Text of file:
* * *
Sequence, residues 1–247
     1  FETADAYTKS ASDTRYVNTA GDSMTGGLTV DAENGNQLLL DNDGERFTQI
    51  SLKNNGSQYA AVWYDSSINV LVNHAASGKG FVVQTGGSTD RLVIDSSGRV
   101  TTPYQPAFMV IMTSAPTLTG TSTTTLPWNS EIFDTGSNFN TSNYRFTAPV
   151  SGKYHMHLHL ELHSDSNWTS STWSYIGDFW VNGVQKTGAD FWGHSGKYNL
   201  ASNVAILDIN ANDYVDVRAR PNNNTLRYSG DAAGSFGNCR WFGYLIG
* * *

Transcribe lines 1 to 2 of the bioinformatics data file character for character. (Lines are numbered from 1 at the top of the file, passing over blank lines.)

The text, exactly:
Sequence, residues 1–247
     1  FETADAYTKS ASDTRYVNTA GDSMTGGLTV DAENGNQLLL DNDGERFTQI